In conclusion, improved access to ART is needed for eligible HIV-infected persons in developing and developed countries to improve survival and quality of life. However, there is also a need to consider the societal benefits of therapy in terms of control of the HIV epidemic. ART initiated only for persons with advanced disease is unlikely to reduce HIV transmission sufficiently to control the epidemic. Moreover, benefits of therapy could be markedly offset by behavioral disinhibition. A preventive vaccine, were it to become available, offers the best hope of controlling the epidemic in the long-term, particularly if there was a concurrent ART program, or if the vaccine itself could reduce viral load in HIV-infected persons.
Sponsorship: Supported by grants RO1 AI34826 and RO1 AI3426S, National Institute of Allergy and Infectious Diseases, grant 5P30HD06826, National Institute of Child Health and Development, grant 5D43TW00010 from the Fogarty Foundation, US National Institutes of Health, and the World Bank STI Project, Uganda. The WIHS is funded by the National Institute of Allergy and Infectious Diseases, with supplemental funding from the National Cancer Institute, the National Institute of Child Health & Human Development, the National Institute on Drug Abuse, and the National Institute of Craniofacial and Dental Research. U01-AI-35004, U01-AI-31834, U01-AI-34994, U01-AI-34989, U01-HD-32632 (NICHD), U01-AI-34993, U01-AI-42590, M01-RR00079, M01-RR00083.
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Rakai Project Group Kalisizo, Uganda
N. Kiwanuka, G. Kigozi, F. Nalugoda.
Data by the Women's Interagency HIV Study (WIHS) Collaborative Study Group with centers (Principal Investigators) at New York City/Bronx Consortium (K. Anastos); Brooklyn, NY (H. Minkoff); Washington DC Metropolitan Consortium (M. Young); The Connie Wofsy Study Consortium of Northern California (Ruth Greenblatt, Herminia Palacio); Los Angeles County/Southern California Consortium (A. Levine); Chicago Consortium (M. Cohen); Data Coordinating Center (A. Munoz, S. J. Gange).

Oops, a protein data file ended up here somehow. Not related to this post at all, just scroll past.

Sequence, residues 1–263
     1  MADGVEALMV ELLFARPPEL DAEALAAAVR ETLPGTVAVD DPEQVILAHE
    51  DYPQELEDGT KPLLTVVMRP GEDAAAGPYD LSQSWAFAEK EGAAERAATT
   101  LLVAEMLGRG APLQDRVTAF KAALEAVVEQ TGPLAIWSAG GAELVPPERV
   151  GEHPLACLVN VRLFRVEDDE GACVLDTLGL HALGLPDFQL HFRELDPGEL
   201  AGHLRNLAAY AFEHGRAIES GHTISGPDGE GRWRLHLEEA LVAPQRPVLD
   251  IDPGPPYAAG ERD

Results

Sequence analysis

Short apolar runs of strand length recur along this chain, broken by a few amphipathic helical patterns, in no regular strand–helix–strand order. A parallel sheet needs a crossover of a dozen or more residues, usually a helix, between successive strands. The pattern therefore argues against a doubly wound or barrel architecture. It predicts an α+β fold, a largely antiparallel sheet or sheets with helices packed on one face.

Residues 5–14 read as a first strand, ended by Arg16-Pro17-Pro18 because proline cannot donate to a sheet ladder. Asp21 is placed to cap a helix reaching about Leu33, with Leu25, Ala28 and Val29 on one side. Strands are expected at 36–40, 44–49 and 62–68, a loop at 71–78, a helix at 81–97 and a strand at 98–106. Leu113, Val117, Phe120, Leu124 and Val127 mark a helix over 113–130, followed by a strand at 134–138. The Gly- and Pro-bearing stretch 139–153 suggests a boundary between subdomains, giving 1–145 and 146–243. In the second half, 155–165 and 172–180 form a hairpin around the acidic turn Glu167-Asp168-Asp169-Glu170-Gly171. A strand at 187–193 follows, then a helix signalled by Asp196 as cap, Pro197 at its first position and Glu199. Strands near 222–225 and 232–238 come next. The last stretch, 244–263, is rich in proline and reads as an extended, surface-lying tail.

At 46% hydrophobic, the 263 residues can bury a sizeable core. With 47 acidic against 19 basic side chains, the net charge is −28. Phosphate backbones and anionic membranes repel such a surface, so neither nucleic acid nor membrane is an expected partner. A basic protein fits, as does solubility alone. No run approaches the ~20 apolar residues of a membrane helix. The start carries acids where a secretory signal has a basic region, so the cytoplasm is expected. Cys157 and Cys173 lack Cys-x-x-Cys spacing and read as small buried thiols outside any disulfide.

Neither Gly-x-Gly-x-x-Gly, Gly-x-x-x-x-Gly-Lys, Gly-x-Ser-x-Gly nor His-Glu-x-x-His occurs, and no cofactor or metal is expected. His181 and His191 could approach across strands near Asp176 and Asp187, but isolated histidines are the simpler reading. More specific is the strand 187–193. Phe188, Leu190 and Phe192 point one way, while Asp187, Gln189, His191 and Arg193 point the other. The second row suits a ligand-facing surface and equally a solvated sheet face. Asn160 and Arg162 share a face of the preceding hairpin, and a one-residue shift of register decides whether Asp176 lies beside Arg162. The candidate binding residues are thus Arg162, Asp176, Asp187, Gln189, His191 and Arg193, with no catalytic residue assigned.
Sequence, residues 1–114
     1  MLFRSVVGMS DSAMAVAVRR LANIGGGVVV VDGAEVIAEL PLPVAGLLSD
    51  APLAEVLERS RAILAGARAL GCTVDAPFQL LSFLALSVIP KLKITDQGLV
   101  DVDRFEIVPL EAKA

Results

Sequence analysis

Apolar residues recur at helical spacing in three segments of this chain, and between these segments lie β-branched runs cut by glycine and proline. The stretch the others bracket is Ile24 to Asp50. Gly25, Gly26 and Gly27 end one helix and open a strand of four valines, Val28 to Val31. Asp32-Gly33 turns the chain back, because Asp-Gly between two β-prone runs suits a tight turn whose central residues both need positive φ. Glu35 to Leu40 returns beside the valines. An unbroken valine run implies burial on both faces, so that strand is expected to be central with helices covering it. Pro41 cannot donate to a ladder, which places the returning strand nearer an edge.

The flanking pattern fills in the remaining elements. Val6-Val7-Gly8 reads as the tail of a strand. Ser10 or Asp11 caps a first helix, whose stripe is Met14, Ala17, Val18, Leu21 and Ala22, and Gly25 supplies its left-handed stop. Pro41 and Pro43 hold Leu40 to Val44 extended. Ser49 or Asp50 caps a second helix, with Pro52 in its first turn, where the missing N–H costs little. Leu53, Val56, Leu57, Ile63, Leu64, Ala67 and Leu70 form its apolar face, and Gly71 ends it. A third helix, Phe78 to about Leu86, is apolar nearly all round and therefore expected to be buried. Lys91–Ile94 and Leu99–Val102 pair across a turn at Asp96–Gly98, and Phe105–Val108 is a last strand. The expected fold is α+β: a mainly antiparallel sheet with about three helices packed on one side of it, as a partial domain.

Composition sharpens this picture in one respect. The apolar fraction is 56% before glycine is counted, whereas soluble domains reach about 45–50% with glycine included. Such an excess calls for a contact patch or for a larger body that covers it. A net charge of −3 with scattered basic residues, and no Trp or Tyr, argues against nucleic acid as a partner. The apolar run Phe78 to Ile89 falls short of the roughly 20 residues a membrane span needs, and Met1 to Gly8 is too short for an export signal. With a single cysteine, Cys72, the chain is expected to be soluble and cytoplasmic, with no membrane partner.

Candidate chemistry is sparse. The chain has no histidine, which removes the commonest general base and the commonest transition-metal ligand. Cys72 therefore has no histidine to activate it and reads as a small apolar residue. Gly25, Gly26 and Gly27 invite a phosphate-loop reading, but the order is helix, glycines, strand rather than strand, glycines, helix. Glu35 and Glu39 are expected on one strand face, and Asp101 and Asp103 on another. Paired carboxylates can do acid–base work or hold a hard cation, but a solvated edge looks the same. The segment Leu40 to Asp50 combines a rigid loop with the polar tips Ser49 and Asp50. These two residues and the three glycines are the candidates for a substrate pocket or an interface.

Parameters for model estimates of the probabilities of HIV transmission per coital act
Rakai data from HIV-discordant couples were used to estimate the model parameters, with frequencies of intercourse reported by HIV-infected persons in the population as an offset term . The analyses showed that the HIV-1 viral load in the HIV-positive partner was the main determinant of transmission risk, and the probabilities of transmission per coital act decreased with older age, and differed by gender. The likelihood ratio test of nested models indicated an improved fit with linear, quadratic and cubic log10 viral load terms (χ2, 7.01; P = 0.0081). The parameter estimates for the latter model were as follows: log (−log [1−γ]) = −97.5 + 61.1[log10 viral load] + 13.7 [log10 viral load]2 + 1.02 [log10 viral load]3 + 0.35 I [age 25–29] + 0.59 I [age 30–34] − 0.65 I [age 35–59] + 0.56 I [female] where I is an indicator function. It was assumed that the probabilities of transmission per coital act derived from studies of HIV-discordant couples applied to all HIV-infected persons, and that the distribution of viral loads in the discordant couples were representative of those in the general population of HIV-infected persons.
Variance of simulation models
The simulated probability of transmission per coital act was 0.0012 (SD, 0.000055, coefficient of variation 4.6%), and the mean HIV incidence was 1.57 per 100 PY (SD, 0.061, coefficient of variation 3.9%). Because of this precision in our estimates we have not included variance statistics in the results presented.
Data on the impact of anitretroviral therapy on HIV viral load